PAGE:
How Far She Went by Mary Hood
(Flannery O'Connor Award for Short Fiction)

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Synopsis

Mary Hood's fictional world is a world where fear, anger, longing—sometimes worse—lie just below the surface of a pleasant summer afternoon or a Sunday church service.

In "A Country Girl," for example, she creates an idyllic valley where a barefoot girl sings melodies "low and private as a lullaby" and where "you could pick up one of the little early apples from the ground and eat it right then without worrying about pesticide." But something changes this summer afternoon with the arrival at a family reunion of fair and fiery Johnny Calhoun: "everybody's kind and nobody's kin," forty in a year or so, "and wild in the way that made him worth the trouble he caused."

The title story in the collection begins with a visit to clean the graves in a country cemetery and ends with the terrifying pursuit of a young girl and her grandmother by two bikers, one of whom "had the invading sort of eyes the woman had spent her lifetime bolting doors against."

In the story "Inexorable Process" we see the relentless desperation of Angelina, "who hated many things, but Sundays most of all," and in "Solomon's Seal" the ancient anger of the mountain woman who has crowded her husband out of her life and her heart, until the plants she has tended in her rage fill the half-acre. "The madder she got, the greener everything grew."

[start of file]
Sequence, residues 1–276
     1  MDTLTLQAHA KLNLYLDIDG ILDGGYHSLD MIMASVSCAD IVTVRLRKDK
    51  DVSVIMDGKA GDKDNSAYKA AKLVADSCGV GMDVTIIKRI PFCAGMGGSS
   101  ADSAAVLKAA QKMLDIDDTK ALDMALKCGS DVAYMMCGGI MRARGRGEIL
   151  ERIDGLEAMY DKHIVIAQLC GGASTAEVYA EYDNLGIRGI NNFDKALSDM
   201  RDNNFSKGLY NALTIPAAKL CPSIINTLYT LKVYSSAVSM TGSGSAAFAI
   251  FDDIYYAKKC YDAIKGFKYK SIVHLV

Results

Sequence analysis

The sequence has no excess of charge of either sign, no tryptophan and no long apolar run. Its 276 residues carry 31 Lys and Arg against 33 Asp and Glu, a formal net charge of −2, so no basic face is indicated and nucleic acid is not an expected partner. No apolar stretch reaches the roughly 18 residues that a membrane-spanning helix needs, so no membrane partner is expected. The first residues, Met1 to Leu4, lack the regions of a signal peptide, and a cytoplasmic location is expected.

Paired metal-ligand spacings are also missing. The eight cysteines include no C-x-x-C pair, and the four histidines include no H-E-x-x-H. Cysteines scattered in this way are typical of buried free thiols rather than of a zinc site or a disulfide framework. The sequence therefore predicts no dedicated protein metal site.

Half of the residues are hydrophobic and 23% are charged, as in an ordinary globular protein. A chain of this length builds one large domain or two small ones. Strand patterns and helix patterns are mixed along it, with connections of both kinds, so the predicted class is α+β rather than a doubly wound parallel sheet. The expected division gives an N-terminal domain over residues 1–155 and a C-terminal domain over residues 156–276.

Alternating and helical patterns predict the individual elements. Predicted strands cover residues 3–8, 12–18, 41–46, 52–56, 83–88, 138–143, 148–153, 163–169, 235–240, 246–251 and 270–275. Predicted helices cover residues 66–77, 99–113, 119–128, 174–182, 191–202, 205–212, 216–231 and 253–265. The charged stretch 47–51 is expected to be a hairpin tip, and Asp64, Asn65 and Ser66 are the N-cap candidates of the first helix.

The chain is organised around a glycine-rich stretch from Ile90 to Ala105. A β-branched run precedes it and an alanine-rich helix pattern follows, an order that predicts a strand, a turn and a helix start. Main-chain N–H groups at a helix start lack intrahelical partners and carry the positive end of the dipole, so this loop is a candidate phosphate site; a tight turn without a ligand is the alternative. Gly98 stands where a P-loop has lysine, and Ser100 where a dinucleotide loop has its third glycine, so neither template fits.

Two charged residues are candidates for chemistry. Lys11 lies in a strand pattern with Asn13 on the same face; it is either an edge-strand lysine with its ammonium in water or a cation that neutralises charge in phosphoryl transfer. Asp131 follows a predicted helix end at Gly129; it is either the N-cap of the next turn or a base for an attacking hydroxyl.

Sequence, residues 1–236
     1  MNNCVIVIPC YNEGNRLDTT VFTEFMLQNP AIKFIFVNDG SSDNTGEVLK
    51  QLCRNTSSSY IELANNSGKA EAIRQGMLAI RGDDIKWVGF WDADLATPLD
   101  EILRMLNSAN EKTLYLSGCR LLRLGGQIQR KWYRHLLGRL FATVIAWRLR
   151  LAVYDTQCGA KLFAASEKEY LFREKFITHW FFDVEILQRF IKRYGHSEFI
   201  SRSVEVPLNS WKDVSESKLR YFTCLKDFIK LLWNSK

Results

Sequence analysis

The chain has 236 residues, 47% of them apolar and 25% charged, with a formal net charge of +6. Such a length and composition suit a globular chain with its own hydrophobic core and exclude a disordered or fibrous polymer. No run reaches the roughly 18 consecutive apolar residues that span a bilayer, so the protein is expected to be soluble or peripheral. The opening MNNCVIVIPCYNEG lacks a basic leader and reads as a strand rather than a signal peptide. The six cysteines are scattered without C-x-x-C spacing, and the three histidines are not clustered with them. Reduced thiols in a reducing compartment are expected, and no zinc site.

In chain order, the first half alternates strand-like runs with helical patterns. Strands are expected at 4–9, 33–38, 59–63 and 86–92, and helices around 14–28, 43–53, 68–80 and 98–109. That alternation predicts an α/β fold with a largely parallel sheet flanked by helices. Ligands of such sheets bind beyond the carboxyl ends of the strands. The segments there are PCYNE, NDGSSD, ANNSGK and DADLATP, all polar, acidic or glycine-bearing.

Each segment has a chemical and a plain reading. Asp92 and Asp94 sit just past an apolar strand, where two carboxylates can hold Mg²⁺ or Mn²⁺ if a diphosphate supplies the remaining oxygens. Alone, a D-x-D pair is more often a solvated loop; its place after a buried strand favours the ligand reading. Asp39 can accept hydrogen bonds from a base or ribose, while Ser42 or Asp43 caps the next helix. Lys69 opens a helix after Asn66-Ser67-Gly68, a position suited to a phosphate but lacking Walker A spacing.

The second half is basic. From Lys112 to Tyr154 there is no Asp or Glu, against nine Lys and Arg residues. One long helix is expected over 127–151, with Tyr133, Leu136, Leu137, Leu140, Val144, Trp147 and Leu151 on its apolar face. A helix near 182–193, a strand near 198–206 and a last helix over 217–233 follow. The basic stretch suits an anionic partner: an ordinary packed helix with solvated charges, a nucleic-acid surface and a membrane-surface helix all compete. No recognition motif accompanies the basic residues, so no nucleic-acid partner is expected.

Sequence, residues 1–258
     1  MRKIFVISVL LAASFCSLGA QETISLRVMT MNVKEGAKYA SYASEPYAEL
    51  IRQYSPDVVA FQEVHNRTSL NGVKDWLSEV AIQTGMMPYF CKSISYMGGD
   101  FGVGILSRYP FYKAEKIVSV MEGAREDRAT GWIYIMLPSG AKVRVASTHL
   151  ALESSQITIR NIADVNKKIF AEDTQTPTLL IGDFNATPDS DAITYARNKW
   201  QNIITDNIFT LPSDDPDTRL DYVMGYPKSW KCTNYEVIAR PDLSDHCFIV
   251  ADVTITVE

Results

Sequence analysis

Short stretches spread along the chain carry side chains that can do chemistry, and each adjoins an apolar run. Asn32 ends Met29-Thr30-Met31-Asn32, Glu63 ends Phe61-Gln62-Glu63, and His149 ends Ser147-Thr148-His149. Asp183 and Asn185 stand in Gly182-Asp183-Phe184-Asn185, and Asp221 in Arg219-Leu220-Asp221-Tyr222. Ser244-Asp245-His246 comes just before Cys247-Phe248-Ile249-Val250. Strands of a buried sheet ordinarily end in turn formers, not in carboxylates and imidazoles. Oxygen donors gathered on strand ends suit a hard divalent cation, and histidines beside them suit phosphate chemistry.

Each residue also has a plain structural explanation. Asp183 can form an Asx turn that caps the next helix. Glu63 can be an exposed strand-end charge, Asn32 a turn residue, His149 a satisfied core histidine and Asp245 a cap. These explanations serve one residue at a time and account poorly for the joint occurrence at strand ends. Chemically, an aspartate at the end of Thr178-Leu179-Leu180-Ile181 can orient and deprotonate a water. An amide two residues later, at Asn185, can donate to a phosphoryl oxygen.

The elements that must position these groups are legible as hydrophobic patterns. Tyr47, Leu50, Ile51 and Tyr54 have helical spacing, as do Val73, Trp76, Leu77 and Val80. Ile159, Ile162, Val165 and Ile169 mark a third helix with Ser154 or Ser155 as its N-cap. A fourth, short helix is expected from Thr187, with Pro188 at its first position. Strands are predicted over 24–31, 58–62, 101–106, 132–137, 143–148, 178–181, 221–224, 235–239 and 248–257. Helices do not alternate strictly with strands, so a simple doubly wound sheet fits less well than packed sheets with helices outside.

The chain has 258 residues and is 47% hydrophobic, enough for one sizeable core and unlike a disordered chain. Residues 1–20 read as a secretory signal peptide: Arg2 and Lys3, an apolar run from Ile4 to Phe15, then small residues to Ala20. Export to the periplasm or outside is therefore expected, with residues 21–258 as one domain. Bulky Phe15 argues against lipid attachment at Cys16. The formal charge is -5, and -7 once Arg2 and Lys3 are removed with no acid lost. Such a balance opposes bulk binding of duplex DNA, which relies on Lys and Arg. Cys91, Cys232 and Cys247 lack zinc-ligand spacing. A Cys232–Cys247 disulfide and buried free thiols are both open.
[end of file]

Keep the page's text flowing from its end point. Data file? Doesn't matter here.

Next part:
About Mary Hood

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Mary Hood is the author of Familiar Heat, And Venus is Blue, and How Far She Went (Georgia), a winner of the Flannery O'Connor Award for Short Fiction. Her work has been published in the Georgia Review, North American Review, and Yankee, among other publications.
 
Published July 13, 2011 by University of Georgia Press. 140 pages
Genres: Literature & Fiction. Fiction

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Kirkus Reviews

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Hood, co-winner of the Flannery Acinar Award for Short Fiction this year (see Chemin, above), shines brightest with ""Inexorable Progress""--an urban story of a Southern Republican woman's last desperate days, filled with futile attempts at usefulness, sense, and identity.

Oct 01 1984 | Read Full Review of How Far She Went (Flannery O'...

Publishers Weekly

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Hood's nine stories of small-town Georgia won the Flannery O'Connor Award for Short Fiction and the 1984 Southern Review /Louisiana State University Short Fiction Award. (Apr.)

Mar 30 1992 | Read Full Review of How Far She Went (Flannery O'...

Publishers Weekly

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Hood's nine stories of small-town Georgia won the Flannery O'Connor Award for Short Fiction and the 1984 Southern Review /Louisiana State University Short Fiction Award.

| Read Full Review of How Far She Went (Flannery O'...

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